Kelly assured her that what he meant by being more aggressive was in doing more of the kind of trimming that the department was already doing.

The GELD manager however, ruled out removing power lines from telephone poles and placing them underground where they would be sheltered from falling branches.

"It's something that's very expensive," said Kelly saying for example that even the short distance between the town center and Champney Street would cost well over $1 million to bury the lines.

Other drawbacks included damage to buried lines by roots and water, the need for built in redundancies, and the hidden costs to homeowners who may have to upgrade the electrical systems in their houses at a cost of thousands of dollars.

In addition, continued Kelly, studies have shown that to repair an underground line would result in delays in restoring power of 56 percent longer than if the work had to be done along telephone poles.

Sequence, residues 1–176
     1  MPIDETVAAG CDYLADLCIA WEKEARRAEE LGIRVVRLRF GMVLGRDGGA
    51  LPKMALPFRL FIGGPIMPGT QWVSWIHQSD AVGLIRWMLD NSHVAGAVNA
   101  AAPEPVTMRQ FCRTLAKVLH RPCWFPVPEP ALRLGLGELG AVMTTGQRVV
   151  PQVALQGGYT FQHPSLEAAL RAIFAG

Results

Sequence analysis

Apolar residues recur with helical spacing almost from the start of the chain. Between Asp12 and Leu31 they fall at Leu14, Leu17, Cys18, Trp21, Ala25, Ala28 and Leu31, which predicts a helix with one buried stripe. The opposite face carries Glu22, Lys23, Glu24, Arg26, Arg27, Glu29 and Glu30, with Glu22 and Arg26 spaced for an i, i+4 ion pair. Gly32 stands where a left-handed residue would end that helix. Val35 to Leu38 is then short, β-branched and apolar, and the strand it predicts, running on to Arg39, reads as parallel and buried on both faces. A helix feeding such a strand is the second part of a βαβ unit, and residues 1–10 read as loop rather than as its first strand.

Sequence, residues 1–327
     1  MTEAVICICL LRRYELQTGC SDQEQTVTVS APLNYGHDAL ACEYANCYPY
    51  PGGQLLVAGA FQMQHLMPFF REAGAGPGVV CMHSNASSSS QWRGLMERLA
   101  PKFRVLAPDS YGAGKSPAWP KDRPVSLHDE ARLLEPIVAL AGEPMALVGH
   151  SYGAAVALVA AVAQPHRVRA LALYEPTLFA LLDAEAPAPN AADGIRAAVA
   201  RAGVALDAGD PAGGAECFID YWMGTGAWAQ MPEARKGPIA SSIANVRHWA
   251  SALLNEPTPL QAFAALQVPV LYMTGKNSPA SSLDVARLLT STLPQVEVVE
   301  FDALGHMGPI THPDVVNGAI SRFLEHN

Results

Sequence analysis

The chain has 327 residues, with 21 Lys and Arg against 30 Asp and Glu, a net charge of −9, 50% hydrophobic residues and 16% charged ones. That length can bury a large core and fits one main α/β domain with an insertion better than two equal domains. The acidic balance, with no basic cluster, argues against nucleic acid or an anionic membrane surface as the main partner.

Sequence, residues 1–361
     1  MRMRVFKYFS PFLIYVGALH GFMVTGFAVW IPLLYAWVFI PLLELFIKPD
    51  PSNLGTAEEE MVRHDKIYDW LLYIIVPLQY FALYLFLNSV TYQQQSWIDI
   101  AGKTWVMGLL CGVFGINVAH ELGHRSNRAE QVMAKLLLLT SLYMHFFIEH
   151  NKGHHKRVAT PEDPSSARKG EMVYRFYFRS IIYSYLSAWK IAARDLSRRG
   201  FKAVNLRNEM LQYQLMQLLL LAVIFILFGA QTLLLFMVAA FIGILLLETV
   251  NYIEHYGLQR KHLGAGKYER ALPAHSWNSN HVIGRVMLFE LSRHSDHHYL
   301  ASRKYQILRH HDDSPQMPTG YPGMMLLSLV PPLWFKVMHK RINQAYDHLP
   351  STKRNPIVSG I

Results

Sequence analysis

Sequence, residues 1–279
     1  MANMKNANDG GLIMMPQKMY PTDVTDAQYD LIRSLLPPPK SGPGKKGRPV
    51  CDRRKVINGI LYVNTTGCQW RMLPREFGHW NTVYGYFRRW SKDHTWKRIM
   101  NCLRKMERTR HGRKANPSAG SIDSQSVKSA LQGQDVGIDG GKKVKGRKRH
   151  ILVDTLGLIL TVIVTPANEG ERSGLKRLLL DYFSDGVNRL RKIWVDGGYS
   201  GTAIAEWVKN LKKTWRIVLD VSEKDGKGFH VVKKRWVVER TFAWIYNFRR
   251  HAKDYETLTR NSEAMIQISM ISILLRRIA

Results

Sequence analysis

But whatever time delay there was in restoring power to Groton homes, it was still preferable in many people's eyes to that of big power companies like National Grid that have come under much criticism as a result of their performance during the storm.

As a result, also attending GELD's meeting last Wednesday night were residents of Dunstable who, noting the department's record during the storm, wondered if their town could be added to the department's network.

Although not unfriendly to the idea, Kelly said that at the moment it was not up to GELD to entertain the question but state law which forbids expansion of private municipal electric companies outside their service areas.

However, Kelly said that the poor performance of the larger power suppliers during the storm has given impetus to a move in the state's legislature to allow expansion of municipal utilities and if that time came, GELD would be willing to consider adding Dunstable to its network providing it did no harm to its Groton customers.